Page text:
A pair of U.S. congressmen have introduced the House companion to the Senate’s Credit Card Competition Act of 2022, designed to bring more choice to the credit card market.
“Credit card companies and mega banks keep finding new ways to squeeze our small retailers in Vermont,” Rep. Peter Welch (D-VT) — who introduced the bill with Rep. Lance Gooden — said in a news release Monday (Sept. 19).
“In a well-functioning market, there is competition and choice. That does not exist in our current credit card network market. This bipartisan bill will correct that and bring much needed competition to the Visa-Mastercard duopoly. This long-overdue bill will help our small businesses thrive and lower household costs for families at a time when they really need it.”
Gooden, a Republican from Texas, added that the legislation would remedy a situation in which “major credit card companies and the nation’s top financial institutions have collaborated to sideline community banks and local retailers in Texas.”
Introduced in July by Senators Dick Durbin, a Democrat from Illinois, and Roger Marshall (R-KS), the act requires banks with assets of more than $100 billion to allow electronic credit transactions to be processed on no fewer than two unaffiliated networks, at least one of which must be outside the Visa-Mastercard network.
Seen it Before
While supporters and sponsors say the legislation will save consumers money and bring more competition to a market that is currently dominated by Visa and Mastercard, the head of the industry’s leading trade group disagrees.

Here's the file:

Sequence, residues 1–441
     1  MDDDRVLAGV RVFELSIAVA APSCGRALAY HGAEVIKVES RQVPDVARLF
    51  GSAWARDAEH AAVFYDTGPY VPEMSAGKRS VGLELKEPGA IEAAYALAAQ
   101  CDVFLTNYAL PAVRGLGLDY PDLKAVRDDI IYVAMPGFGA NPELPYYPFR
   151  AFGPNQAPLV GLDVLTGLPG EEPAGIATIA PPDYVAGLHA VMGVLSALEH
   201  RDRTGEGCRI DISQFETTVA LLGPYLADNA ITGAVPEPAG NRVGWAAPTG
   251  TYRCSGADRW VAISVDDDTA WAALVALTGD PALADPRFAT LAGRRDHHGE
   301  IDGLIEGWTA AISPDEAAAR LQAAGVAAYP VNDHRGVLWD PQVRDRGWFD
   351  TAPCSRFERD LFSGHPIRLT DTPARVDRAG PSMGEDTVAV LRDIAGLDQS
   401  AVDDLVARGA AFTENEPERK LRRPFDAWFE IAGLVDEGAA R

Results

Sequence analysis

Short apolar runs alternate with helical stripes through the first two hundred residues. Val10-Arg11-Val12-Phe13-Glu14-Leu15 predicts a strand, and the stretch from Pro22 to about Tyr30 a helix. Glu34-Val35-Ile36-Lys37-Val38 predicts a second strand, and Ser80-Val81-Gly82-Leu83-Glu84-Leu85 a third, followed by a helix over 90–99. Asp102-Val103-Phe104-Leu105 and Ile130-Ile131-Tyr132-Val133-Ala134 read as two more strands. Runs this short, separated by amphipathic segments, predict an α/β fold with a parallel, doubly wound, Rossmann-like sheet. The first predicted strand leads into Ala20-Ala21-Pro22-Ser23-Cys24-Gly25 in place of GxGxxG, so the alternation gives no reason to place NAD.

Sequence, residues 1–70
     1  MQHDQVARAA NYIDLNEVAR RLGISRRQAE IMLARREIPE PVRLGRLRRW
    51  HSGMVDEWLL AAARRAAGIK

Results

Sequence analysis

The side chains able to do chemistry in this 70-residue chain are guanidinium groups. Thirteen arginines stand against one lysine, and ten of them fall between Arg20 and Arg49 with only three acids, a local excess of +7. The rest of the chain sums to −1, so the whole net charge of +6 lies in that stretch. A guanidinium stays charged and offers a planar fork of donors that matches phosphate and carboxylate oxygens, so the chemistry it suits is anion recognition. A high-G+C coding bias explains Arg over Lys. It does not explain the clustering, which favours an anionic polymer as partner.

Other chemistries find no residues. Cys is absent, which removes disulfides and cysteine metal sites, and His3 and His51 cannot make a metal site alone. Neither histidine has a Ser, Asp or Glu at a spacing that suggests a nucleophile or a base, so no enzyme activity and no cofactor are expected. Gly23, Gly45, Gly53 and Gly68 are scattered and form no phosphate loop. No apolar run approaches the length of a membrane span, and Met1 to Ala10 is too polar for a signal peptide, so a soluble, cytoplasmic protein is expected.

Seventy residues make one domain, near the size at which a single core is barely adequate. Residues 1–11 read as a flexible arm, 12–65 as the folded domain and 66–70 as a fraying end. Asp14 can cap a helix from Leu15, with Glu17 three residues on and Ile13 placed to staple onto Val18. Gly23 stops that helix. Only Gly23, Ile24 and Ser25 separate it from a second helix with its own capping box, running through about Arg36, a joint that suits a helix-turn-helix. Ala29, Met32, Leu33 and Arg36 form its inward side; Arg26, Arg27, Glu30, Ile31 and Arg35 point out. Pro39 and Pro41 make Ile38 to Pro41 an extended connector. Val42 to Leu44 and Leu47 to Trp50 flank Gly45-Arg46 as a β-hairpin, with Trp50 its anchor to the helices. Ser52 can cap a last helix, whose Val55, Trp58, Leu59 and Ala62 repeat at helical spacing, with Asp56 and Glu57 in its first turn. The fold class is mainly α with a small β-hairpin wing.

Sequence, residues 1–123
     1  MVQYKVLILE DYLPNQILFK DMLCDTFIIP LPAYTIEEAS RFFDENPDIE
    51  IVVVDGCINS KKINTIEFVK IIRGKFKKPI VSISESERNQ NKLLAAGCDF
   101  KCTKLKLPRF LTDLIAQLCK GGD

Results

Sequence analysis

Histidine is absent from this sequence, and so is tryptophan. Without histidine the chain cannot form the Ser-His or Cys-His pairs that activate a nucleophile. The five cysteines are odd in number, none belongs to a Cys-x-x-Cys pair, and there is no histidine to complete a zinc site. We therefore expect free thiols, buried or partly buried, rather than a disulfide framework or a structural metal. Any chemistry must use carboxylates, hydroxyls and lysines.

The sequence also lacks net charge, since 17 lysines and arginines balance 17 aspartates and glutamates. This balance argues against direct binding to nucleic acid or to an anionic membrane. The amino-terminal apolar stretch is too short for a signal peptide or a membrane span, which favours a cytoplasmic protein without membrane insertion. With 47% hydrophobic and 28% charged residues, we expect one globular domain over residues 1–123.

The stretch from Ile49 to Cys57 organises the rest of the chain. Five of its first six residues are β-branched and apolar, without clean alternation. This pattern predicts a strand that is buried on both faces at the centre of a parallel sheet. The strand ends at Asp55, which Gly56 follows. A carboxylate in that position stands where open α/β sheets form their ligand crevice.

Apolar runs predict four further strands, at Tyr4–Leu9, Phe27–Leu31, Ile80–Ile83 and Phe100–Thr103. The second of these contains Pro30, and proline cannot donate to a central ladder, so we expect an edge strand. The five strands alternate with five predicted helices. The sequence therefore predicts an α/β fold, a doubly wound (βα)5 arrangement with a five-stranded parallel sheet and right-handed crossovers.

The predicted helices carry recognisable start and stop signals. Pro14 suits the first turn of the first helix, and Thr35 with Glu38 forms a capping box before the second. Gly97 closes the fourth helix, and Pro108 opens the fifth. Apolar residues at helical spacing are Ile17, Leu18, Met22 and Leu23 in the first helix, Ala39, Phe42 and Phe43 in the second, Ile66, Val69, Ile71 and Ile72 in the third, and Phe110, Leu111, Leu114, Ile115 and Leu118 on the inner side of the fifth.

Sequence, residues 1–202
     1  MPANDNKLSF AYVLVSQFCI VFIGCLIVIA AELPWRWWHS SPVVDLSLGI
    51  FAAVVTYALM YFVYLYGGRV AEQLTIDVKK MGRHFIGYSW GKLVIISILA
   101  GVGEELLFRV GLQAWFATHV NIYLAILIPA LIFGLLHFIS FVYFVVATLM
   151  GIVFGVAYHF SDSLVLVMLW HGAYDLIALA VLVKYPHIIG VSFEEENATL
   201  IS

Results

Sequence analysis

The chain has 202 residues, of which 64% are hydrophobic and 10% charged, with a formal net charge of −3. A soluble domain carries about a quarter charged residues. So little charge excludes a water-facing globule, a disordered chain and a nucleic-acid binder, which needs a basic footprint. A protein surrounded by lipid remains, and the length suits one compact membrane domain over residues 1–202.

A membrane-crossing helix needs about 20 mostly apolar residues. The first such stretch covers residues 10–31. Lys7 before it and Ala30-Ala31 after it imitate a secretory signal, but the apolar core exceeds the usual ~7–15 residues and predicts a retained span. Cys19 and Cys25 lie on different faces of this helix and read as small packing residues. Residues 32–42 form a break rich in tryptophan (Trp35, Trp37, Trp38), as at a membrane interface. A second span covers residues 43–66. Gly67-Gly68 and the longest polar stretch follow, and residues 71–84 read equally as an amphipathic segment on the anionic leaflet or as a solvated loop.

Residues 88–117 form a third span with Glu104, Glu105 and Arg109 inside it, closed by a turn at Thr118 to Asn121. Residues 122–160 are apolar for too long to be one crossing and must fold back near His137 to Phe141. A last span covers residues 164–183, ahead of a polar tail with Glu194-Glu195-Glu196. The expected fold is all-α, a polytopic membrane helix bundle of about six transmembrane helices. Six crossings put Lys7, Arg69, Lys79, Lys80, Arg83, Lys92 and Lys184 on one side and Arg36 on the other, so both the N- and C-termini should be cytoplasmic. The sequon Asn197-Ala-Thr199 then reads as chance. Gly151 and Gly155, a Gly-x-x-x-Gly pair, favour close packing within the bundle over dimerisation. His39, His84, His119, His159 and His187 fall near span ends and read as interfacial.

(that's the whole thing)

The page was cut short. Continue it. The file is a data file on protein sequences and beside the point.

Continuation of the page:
“This bill is just the latest attempt by Walmart, Target, and other big-box retailers to impose a multibillion-dollar corporate welfare scheme on the nation’s credit card industry,” Electronic Payments Coalition chairman Jeff Tassey said in a statement emailed to PYMNTS, adding that prior efforts have also seen retailers promising to pass on savings to consumers but pocketing the windfall themselves.
Earlier this year, Durbin and Marshall were part of a bipartisan group of legislators who wrote to Visa and Mastercard, pleading with the companies to abandon their plans to increase certain fees, arguing that merchants would pass those fees onto consumers.
Rising costs are “the last thing American families deserve right now,” said the letter, signed by Durbin and Marshall, along with Welch and Rep. Beth Van Duyne, R-Texas.
A few days later, the National Retail Federation (NRF) joined the lawmakers in asking the companies to rethink the fee hike. Visa and Mastercard have said the fees help cover innovation and security measures.